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Dog Safety In The Summer Heat: Can I Take My Woof To The Beach?

Nicola Withers
June 17, 2020

Now is the time of the year when we are all thinking about going abroad and spending our time laying by the pool, eating yummy food, having fun on sandy beaches, and swimming in warm blue seas, all the while busy working on our tans.

But it is looking more likely that the summer of 2020 will be the year for staycations and UK-based holidays. That might also mean that our woofs can holiday with us this year, rather than having their own mini-break as we fly off to sunnier climes.

Before you plan your break, check out if you can take your dog to the beach and research which local beaches are woof-friendly and which ones you should avoid.

It’s also a good idea to remind yourself of how to best look after your woof among the waves, sand, and pebbles.

Also, pay attention to your dogs in hot weather, because even though you are not basking in the in the Mediterranean sun, it can still get very warm in the UK summer heat and be a concern for your furball's health (dog's can get sunburn and also develop heatstroke, which can be fatal).

How do I find dog-friendly beaches?

If your plans involve staying in a holiday home, do some research before you book as to how woof-friendly the local area is and where the nearest dog-friendly beaches are.

A quick internet search will show the best beaches in your specific area, as well as any timing restrictions and special doggy sections.

Most owners of doggy properties will leave advice regarding dog-friendly beaches you can visit with your furball.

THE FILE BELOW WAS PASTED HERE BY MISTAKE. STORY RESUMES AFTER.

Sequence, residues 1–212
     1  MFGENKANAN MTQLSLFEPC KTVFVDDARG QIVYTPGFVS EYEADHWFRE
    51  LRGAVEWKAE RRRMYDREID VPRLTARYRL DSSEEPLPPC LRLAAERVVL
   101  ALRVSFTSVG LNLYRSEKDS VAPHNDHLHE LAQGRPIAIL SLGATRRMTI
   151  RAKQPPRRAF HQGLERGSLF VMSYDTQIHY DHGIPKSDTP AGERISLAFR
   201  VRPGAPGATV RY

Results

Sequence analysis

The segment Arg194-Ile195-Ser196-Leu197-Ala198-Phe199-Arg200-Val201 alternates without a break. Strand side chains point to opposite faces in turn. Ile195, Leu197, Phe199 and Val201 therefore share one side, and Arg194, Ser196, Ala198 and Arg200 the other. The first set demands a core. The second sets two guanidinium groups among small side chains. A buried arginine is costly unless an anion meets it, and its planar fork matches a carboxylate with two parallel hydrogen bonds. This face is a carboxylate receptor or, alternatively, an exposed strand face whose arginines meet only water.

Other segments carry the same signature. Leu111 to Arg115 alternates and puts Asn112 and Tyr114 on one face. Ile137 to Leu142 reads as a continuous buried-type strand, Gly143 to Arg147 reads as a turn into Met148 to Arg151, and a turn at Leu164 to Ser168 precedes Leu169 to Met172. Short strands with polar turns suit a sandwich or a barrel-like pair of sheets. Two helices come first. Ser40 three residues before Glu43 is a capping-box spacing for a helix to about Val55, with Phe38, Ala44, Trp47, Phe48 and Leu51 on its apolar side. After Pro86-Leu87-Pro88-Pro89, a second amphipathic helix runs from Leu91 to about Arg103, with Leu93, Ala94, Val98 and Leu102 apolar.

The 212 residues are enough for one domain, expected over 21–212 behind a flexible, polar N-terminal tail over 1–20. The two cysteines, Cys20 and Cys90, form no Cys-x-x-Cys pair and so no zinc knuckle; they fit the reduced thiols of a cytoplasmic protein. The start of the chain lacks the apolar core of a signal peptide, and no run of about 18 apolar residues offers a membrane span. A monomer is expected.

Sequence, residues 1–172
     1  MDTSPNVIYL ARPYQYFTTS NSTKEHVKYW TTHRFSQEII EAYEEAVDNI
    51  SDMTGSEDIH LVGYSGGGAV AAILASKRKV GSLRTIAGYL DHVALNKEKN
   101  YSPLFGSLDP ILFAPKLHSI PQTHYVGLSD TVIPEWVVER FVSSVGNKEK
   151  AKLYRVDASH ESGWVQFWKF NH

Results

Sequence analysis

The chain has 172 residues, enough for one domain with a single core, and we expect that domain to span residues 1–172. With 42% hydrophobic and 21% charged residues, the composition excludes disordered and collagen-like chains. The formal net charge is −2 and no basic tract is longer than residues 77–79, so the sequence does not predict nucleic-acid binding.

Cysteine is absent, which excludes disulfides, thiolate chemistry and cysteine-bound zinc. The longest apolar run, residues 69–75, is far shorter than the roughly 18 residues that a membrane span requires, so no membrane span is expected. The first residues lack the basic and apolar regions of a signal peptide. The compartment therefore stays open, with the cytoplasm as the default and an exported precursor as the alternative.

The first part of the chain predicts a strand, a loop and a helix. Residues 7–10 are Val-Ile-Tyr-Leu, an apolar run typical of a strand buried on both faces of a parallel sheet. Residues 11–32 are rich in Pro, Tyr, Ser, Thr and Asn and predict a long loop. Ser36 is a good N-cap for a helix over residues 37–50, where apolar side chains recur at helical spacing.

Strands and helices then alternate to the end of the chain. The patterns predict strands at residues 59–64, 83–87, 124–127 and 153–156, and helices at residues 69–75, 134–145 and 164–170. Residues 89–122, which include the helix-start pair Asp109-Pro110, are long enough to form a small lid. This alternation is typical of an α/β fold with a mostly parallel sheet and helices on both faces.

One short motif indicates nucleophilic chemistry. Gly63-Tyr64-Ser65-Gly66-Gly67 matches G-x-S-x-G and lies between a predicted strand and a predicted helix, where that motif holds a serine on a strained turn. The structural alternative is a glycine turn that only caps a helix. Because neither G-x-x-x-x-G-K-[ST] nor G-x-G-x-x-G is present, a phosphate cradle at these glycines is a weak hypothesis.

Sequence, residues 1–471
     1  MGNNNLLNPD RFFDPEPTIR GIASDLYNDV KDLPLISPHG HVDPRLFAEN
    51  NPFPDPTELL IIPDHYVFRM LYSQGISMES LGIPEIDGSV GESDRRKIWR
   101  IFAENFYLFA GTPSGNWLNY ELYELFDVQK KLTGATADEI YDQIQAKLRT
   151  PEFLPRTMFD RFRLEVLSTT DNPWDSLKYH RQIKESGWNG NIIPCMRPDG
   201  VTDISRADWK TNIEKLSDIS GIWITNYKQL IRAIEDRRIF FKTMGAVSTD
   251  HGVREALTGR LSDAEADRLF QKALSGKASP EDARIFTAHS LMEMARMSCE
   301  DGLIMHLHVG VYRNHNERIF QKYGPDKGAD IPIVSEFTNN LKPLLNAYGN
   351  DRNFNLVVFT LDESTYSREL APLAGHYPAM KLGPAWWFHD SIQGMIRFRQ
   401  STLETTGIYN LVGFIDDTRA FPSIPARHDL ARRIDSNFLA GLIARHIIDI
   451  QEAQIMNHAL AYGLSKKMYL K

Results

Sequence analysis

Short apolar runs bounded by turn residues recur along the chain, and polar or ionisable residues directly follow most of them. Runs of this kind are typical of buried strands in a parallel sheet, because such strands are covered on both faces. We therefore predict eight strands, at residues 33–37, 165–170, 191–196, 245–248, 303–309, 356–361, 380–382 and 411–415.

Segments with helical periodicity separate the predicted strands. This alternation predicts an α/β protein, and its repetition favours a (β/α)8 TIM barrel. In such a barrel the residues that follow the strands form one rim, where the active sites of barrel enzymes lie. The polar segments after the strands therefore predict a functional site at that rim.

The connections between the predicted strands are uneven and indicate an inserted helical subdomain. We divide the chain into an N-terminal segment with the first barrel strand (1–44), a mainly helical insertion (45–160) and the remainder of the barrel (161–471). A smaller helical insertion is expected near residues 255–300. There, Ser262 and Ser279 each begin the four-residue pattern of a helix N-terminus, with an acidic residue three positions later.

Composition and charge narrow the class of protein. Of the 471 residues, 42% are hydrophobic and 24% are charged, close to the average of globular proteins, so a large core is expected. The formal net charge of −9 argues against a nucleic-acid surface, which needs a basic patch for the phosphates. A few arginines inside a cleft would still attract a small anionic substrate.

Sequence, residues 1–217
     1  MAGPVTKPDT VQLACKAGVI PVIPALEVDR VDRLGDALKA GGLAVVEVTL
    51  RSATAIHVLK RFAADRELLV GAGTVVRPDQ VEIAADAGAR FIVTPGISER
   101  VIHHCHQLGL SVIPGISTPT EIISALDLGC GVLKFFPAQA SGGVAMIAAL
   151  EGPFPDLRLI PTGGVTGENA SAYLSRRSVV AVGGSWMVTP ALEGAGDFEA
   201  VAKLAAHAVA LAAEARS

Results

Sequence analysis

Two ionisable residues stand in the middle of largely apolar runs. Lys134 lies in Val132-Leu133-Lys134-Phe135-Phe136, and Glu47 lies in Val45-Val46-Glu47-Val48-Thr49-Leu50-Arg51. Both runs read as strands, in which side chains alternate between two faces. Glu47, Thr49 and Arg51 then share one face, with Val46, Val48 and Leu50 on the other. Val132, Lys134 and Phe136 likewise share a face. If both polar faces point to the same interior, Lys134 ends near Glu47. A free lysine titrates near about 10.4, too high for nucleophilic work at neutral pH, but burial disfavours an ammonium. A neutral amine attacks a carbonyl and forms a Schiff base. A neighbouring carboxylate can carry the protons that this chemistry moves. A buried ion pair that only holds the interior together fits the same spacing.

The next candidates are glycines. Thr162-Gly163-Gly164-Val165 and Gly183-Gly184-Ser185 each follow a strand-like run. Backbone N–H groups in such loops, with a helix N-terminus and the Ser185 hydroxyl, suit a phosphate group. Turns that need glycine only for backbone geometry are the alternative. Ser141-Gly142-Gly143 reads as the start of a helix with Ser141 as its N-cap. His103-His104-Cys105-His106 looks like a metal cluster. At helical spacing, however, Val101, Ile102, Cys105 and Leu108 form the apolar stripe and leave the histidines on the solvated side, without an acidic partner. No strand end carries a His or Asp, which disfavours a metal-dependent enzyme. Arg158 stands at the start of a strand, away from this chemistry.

Is it ok to take my dog to the beach?

Is it safe to take my dog to the beach

Yes. Beaches are great places for dogs to explore and they will encounter sounds and textures that they don’t often experience. But there are definitely some elements you need to be aware of:

  • Tides. You should always check the times of the tides when you go to the beach, with or without your dog. The tide can come in quickly, possibly leaving you cut off from the mainland. But beaches at low tide can provide enormous expanses of lovely compact sand for your dog to gallop across.
  • Seawater. can dogs drink seawater? The short anwser is NO. Drinking salty seawater can make dogs poorly, causing sickness, diarrhoea and dehydration. Take plenty of freshwater with you, along with a bowl, and make sure your dog drinks lots of that throughout your seaside visit. Make sure you wash their fur and paws too, to stop them licking too much dried salt.
  • Sand. Great fun to dig in but not good to eat. Sand can cause blockages in the stomach so if you take toys with you, make sure they’re not likely to end up with sand clinging to them – think smooth toys like frisbees rather than fuzzy tennis balls.